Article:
So, the law firm, with a team of 5 attorneys, 2 partners and 3 associates, having no experience for this particular type of litigation, was hired to:
  • inflate the amount of attorney fees claimed in litigation, and
  • to use their connections to influence the court?
That's what it appears to be.

Imagine how many indigent immigrants could be represented for the money paid, unnecessarily, to 5 private attorneys representing NWIRP in this frivolous litigation, asserting NWIRP's "right" NOT to represent immigrants throughout a given a case and to leave their clients on their own before immigration courts.

And, here is the TRO (temporary restraining order), heralded by Joe Patrice as upholding the law by the federal judge where the federal judge in question did not address any of the legitimate concerns raised in the federal government's response and granted the TRO without any explanation or legal grounds whatsoever, here is judge Richard Jones' 2-paragraph (!) no-legal-grounds "explanation" that the plaintiffs have allegedly met their burden of proof - because the judge says so. 

A judge's "say-so" has never before, without legal grounds or reasoning, been enough to sustain the extraordinary relief of a temporary restraining order.

So, civil rights litigation is definitely changing in this country - but only when the Trump administration is on the other side.

Because what is challenged is a "practitioner" (the government's term) or "attorney's" (NWIRP's term" disciplinary rule.

You know where such challenges usually end up?

In the garbage bin with sanctions against those who filed them - whether the challenge was meritorious or not.

This challenge was clearly not meritorious - because NWIRP was claiming a right to NOT represent clients in immigration proceedings under the guise of trying to stretch its resources to more recipients.

Of course, attorneys no constitutional right to ghost-writing in any administrative or court proceedings.

Of course, prohibitions on partial and ghost representation exist in many states, and no attorneys dreamt of challenging them as unconstitutional - legitimately fearing sanctions.

And, while Joe Patrice is alleging that it was all Joe Sessions' fault, the rule that NWIRP are challenging was introduced, and the initial inquiry commenced, under the Obama administration.

Moreover, after having read, in detail, while making notes and researching issues, the complaint and the motion for the TRO, as well as the opposition to that motion and the actual TRO order, I have come to a personal opinion that what NWIRP is doing is:

  • not fighting for their present or potential clients;
  • not trying to assert independence of representation, as they claim -
but are trying to stamp out competition by lay representatives who are allowed to practice in immigration courts, and to assert their right to not abide by the rules of the forum where they are practicing, immigration courts, to the detriment, not the benefit, of their clients.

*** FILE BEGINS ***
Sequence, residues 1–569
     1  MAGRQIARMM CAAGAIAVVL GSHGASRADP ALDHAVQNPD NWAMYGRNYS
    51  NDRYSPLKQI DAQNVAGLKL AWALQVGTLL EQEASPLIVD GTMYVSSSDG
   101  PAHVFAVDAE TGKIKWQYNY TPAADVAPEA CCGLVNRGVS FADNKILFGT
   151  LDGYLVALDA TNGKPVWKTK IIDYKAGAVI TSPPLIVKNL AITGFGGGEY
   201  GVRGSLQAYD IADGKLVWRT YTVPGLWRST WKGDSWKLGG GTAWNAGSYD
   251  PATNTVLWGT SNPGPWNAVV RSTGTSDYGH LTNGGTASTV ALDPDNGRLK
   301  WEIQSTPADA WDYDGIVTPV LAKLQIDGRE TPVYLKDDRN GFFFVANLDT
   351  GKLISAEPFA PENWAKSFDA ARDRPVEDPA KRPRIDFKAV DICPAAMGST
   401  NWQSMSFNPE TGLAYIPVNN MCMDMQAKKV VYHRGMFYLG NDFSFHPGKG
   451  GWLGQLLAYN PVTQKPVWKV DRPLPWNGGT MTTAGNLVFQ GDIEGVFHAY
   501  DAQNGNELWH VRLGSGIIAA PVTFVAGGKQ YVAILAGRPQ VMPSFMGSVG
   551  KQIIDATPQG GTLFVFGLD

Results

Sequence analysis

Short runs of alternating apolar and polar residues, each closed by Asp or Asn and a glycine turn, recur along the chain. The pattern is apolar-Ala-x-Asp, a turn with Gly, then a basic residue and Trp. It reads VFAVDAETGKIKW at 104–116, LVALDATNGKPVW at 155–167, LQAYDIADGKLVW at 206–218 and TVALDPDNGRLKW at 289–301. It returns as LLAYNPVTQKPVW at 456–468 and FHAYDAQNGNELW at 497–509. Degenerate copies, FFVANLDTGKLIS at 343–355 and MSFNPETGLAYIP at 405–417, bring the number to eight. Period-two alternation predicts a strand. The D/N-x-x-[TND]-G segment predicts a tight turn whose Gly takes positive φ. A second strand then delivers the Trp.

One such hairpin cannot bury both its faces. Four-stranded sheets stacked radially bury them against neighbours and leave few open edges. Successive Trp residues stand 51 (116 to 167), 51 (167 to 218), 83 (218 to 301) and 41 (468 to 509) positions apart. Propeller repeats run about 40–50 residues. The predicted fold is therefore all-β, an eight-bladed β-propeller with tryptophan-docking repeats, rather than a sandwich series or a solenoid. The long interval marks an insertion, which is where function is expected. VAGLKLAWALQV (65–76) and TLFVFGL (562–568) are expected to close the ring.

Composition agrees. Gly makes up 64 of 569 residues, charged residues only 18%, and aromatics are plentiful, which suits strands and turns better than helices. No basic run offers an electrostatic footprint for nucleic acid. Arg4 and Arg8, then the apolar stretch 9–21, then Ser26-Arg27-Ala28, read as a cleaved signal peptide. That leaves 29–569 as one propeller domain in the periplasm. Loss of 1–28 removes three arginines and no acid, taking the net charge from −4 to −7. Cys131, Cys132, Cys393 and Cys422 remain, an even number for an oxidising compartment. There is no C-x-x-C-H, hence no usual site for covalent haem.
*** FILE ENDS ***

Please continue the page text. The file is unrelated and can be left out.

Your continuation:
And, for the public's information, the disciplinary rule that NWIRP "succeeded" to block - with Above the Law cheering - was meant to fight fraud in immigration proceedings, so now, with that rule blocked, fraud can proceed full speed.

Quite a victory.

There were several motions for amicus briefs filed in support of the TRO, most notably, by the Attorney General of the State of Washington, the attorney who usually OPPOSES civil rights lawsuit by Washington state attorneys challenging constitutionality of attorney disciplinary rules, so NWIRP is definitely in bed with the devil on this one.

NWIRP is claiming in their complaint that the federal government, by applying federal disciplinary rules to practitioners in federal immigration courts somehow interferes with the State of Washington's right to regulate the practice of law - while practicing before federal immigration courts is NOT practice of law since lay practitioners are allowed.

So far, the new precedential "law" continues to emerge in federal courts, and it is quite simple:

  • no evidence is usually enough to sustain a civil rights lawsuit against an attorney disciplinary rule; but
  • no evidence is necessary to sustain a civil rights lawsuit against a practitioner (including attorney) disciplinary rule, if that is aimed against the Trump administration.
It is very clear that federal courts have become political bodies that have foregone their oaths of office in order to suit the judges' and their supporters, political beliefs, the question arises loud and clear about the necessity to enact short terms of office for federal judges, and effective measures of accountability for misconduct in office, including decisions that disregard the law.

And, there are a lot of interesting issues raised in this peculiar and peculiarly frivolous lawsuit, which I will discuss in detail in future blogs.

Stay tuned.

No comments:

Post a Comment